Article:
• Equity and parent partnership moves by the “speed of trust”
  • We need to understand who parents trust and begin to engage with those trusted messengers in neighborhoods and communities
  • There are a variety of systemic and structural barriers that get in the way of families experiencing ERH
  • The term Early Relational Health works for some communities and not others
  • The inspiring work that is happening across various communities to support strong, positive and nurturing early relationships.


From this deeper learning and understanding, it was clear that in order to start raising visibility and awareness of this issue we needed to create a bigger tent or movement that welcomes all interested in early childhood and family well-being. The steering committee began to see the importance of connecting individuals, organizations, and communities to learn from one another, leverage each other’s work, and collaborate to improve outcomes for young children and their families.

Social movements require the development of strategic messaging, including branding, that uniquely identifies the movement and one that will resonate deeply with a broad range of partners. A couple naming options were generated by our partner, Health+ Studio. The steering committee and the FNC participated in reviewing the naming options within their respective communities. We received considerable and informative feedback during team discernment meetings, that pointed toward a developing consensus for branding the movement, Nurture Connection. Of note, our FNC elevated the challenge of translating Nurture Connection into Spanish, where nurturance, connection and relationships have a deep cultural meaning, inherent to intimate loving relationships. A similar discerning process was utilized as the teams developed the brand narrative and the visual identity, ensuring that these elements of our communication strategy captured the voice and values of the movement.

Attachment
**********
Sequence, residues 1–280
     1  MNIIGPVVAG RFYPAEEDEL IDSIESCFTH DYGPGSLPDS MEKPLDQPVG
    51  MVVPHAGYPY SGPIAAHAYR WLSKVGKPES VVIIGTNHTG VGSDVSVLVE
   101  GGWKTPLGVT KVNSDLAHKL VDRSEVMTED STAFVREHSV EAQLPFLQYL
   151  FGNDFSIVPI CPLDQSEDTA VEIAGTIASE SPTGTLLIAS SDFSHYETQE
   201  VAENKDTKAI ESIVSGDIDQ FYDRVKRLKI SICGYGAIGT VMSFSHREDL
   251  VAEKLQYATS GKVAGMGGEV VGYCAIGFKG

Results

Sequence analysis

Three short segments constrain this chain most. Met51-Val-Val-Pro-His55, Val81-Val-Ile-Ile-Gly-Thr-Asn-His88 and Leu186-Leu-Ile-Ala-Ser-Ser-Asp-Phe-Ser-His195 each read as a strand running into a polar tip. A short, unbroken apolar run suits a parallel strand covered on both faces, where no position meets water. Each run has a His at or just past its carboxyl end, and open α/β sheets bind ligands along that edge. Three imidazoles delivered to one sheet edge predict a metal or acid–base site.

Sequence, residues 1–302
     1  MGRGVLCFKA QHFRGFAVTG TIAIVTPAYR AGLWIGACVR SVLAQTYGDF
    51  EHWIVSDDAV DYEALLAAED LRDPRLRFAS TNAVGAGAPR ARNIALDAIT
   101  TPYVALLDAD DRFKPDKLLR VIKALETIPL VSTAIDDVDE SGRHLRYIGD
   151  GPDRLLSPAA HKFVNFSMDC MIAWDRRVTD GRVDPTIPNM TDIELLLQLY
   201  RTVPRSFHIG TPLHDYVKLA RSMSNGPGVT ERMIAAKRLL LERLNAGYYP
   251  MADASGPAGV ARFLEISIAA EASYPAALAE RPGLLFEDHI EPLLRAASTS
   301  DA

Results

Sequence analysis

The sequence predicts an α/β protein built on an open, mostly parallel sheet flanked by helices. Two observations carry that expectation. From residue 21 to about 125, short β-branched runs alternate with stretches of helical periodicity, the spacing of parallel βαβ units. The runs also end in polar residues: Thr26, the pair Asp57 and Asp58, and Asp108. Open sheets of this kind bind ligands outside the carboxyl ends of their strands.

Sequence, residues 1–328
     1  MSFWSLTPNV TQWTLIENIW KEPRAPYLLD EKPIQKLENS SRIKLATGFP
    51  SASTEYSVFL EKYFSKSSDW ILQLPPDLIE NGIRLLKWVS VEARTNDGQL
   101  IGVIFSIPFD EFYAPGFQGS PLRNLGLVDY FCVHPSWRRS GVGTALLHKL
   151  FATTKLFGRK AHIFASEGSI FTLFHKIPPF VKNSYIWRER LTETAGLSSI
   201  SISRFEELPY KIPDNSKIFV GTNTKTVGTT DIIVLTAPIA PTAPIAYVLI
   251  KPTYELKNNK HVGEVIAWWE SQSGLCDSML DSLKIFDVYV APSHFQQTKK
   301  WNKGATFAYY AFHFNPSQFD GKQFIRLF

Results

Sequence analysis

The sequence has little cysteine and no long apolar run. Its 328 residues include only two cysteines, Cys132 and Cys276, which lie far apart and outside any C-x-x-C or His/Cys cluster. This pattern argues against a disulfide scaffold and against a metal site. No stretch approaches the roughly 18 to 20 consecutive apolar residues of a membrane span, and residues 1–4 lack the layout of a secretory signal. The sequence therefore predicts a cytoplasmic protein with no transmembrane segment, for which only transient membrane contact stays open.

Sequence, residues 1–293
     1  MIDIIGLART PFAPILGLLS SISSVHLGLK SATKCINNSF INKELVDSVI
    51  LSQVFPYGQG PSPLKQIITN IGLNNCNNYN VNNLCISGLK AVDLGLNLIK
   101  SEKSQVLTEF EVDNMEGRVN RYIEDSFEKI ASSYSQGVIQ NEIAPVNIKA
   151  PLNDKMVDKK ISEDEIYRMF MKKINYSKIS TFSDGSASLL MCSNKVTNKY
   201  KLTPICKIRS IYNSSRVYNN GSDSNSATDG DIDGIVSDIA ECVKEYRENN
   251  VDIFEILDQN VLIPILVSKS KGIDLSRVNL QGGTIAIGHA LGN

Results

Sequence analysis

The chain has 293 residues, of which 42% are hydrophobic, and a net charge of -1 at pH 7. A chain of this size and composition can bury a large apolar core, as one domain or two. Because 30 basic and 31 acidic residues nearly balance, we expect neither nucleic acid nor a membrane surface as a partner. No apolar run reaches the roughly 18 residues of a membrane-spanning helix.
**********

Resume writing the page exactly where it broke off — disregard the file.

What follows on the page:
In parallel, the steering committee and FNC dove deeper into what it means to build a social movement and what Nurture Connection’s unique contribution to the field might look like. We coalesced as a group to articulate our vision, mission, and values for the movement and with careful attention to style, content, messaging and visual representations of Early Relational Health, the Nurture Connection website was
born. The steering committee and FNC continued to partner in the website’s articulation of the movement’s work, vision, and leadership structure as well as a wealth of resources for the field and parents.

As we move into 2023, we are working towards our goals of increasing awareness and visibility of Nurture Connection and growing our engaged and networked community of communities. We will further our strategic priorities of building connection, raising awareness, building understanding, transforming systems, and advancing policy to advance ERH so that all families can experience the joy and lifelong health benefits that come from strong, positive, and nurturing relationships in early childhood.